Figures from national waste services firm Biffa have revealed that food waste recycling by businesses in the North West rose by nearly a quarter in 2016.
The data suggests that food and restaurant businesses across the region are recycling more food waste than ever, with the figure continuing to rise as more businesses recognise the benefits.
More than 15,000 tonnes of food waste was collected for recycling by Biffa’s own collection service in the North West in 2016, where it was diverted from landfill and sent to anaerobic digestion (AD) plants to produce energy.
A typical AD plant can generate up to 900 cubic metres of biogas from one tonne of food waste.
Chris Savage, general manager at one of Biffa’s AD plants, said: “It’s encouraging to see that more and more businesses in the North West are choosing to recycle their food waste rather than sending it to landfill.
“We work closely with all of our clients to advise on the best way to manage their food waste in an efficient and environmentally-friendly manner, including the importance of food waste segregation.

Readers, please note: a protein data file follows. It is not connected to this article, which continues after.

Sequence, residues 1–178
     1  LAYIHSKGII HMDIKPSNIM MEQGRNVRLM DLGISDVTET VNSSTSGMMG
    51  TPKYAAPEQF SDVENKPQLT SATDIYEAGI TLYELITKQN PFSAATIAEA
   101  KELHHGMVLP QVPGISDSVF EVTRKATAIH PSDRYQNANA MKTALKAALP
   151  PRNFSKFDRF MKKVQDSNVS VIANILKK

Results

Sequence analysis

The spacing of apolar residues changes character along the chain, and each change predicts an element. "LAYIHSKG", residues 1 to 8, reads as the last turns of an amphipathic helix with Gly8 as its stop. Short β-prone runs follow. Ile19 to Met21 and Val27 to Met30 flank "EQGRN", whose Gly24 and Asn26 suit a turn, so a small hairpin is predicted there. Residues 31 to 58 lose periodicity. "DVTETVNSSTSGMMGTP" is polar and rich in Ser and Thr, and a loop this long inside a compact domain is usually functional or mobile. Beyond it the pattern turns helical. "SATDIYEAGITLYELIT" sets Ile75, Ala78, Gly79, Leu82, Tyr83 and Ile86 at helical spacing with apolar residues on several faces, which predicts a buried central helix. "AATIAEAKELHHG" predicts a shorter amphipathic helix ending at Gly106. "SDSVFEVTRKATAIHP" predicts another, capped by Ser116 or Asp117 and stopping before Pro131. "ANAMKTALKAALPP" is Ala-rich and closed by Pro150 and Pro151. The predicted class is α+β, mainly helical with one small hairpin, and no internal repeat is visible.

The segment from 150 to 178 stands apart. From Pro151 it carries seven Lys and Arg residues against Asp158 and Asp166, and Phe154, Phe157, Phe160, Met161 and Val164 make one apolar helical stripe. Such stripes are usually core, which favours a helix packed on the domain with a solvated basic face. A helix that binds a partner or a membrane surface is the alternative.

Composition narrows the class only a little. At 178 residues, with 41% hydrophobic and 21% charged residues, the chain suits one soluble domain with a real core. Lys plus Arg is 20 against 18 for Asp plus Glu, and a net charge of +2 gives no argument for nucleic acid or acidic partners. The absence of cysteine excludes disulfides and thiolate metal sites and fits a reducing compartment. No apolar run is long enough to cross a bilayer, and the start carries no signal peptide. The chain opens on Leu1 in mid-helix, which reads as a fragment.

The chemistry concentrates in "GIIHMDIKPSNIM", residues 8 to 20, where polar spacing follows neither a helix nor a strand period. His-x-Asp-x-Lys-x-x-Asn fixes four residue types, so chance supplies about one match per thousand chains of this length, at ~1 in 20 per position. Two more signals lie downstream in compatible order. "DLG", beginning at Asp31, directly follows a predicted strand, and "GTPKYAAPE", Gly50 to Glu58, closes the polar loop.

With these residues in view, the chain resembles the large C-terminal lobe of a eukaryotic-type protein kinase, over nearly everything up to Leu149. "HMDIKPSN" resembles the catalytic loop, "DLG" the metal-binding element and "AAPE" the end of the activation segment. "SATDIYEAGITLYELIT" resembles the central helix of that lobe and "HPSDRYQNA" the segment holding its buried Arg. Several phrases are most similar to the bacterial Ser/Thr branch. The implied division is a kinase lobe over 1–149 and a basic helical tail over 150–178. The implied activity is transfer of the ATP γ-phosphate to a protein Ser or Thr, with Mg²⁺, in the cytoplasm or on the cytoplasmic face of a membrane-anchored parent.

“We hope that more businesses in the area will decide to dispose of their food waste responsibly.”
The benefits of recycling food waste or diverting it to other uses is not just confined to front line businesses - it can be captured throughout the food and grocery supply chain.
According to resource efficiency NGO, WRAP, businesses in grocery supply chains could collectively save £300 million a year by taking measures to reduce food waste.
The five sectors with most potential are dairy products, meat and fish, ambient products, fruit and vegetable processing, and bakery and cereals.
WRAP has produced a range of useful resources for the food and drink sector, including guidance on food redistribution partnerships, increasing product life and waste prevention.
In 2016, the world’s first global standard for food waste was launched to help suppliers measure, report and manage their food loss and waste.